Attracting the Cat

Some cats will not allow you to get close to them at all, and they will move out to extreme positions in the tree to get away from you. If you can safely follow them and get reasonably close to them without driving them farther away into a dangerous position, then it would be to your advantage to do so. Often these cats can be reassured with a sniff of your hand and a gentle touch, and, at that point, they will become more cooperative. However, if the cat is in a place where you cannot get reasonably close, then you should try to entice him to come to you.

First, make sure the position of the cat’s owner is not working against you. Cats in trees will often move toward the owner as best they can as the owner moves around the tree. If the owner moves out to one side of the tree, the cat will often move out a limb on that side as well in an effort to get as close as possible. Direct the owner to move behind you so that you are between the cat and the owner. If the cat moves toward the owner, then he will be moving toward you as well.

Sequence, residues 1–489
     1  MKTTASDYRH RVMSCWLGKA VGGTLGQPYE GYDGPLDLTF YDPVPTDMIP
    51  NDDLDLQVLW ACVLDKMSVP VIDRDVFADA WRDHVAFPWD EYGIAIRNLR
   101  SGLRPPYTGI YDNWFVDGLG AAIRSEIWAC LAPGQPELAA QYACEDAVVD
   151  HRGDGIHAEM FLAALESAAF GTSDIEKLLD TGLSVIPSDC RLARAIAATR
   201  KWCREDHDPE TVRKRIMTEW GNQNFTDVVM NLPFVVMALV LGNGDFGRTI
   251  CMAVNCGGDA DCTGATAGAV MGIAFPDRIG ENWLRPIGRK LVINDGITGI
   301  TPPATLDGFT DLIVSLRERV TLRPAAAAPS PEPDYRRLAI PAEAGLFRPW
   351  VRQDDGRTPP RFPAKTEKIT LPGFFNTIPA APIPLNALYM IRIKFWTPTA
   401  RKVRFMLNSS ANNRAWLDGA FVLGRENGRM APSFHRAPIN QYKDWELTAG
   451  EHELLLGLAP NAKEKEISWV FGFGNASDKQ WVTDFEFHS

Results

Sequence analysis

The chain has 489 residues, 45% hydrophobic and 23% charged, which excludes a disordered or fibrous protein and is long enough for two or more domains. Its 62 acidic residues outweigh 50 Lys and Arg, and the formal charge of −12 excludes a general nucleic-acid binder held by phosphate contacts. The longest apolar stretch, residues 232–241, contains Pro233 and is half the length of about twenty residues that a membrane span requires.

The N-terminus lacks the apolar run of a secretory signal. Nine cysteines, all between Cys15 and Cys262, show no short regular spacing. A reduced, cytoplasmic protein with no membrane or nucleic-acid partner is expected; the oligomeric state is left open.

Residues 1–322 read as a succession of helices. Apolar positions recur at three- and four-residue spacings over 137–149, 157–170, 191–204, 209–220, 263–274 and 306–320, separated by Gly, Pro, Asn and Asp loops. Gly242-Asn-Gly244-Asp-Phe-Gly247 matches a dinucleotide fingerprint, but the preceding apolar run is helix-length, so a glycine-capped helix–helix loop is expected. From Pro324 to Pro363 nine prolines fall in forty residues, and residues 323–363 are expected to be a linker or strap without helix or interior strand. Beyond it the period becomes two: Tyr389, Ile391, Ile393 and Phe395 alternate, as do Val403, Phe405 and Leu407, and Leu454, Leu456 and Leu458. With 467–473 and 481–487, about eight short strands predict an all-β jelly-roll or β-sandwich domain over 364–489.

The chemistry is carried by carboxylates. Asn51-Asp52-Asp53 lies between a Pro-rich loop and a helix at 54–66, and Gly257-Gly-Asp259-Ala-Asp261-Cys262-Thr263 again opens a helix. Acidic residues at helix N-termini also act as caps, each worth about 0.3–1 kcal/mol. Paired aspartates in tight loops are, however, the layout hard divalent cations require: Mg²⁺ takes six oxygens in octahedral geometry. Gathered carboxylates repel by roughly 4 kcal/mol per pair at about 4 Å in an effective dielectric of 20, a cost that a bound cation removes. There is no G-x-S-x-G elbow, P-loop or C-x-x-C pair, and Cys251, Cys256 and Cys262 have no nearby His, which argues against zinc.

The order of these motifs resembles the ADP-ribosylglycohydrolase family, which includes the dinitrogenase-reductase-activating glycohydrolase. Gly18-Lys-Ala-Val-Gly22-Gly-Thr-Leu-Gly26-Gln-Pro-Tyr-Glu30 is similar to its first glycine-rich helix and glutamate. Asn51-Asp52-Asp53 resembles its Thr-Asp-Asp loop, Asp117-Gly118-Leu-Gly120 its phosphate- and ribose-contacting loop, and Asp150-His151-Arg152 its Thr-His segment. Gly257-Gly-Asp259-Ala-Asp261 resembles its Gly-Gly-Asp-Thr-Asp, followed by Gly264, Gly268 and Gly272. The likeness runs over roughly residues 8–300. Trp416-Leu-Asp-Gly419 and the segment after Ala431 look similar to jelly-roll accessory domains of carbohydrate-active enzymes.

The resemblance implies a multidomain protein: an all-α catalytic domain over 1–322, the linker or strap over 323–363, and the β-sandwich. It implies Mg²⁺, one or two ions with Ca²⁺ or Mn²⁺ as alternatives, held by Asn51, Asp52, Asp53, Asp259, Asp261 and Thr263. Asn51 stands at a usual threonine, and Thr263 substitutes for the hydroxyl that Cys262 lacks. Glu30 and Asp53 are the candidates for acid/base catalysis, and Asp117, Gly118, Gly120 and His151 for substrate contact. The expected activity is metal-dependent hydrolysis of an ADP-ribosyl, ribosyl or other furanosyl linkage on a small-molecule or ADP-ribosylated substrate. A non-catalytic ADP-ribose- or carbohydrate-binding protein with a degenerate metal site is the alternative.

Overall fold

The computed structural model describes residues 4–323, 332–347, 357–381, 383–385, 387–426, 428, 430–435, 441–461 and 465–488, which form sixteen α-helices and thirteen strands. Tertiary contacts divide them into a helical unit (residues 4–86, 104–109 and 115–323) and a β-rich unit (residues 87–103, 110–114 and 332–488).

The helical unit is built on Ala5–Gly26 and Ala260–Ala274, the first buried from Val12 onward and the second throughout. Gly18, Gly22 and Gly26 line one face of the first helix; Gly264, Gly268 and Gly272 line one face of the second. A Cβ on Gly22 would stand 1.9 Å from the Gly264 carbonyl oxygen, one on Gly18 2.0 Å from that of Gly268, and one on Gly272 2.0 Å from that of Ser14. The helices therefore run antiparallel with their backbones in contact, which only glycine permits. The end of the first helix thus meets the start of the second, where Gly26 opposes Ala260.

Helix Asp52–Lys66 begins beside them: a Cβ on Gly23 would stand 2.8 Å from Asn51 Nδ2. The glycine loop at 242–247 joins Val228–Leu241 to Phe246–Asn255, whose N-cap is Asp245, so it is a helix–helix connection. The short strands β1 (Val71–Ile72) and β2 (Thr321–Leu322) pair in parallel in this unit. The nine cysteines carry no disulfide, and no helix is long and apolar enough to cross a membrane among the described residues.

Food is the first enticement that most people consider using, but it is usually not effective. When a cat is stressed or fearful, he doesn’t care about food at all no matter how long he has been without it. Fear overrides hunger. You can’t open a can of food or shake a bag of treats and expect a scared cat to come running to you. While that may actually happen with a few cats, for most cats, it won’t. The cat will not come to you until he feels it is safe to do so. Offering food to him may soften his view of you, and that may be worthwhile, but it usually will not be the magic solution we typically envision. However, if the cat is not very stressed or frightened, food can turn the tide in your favor.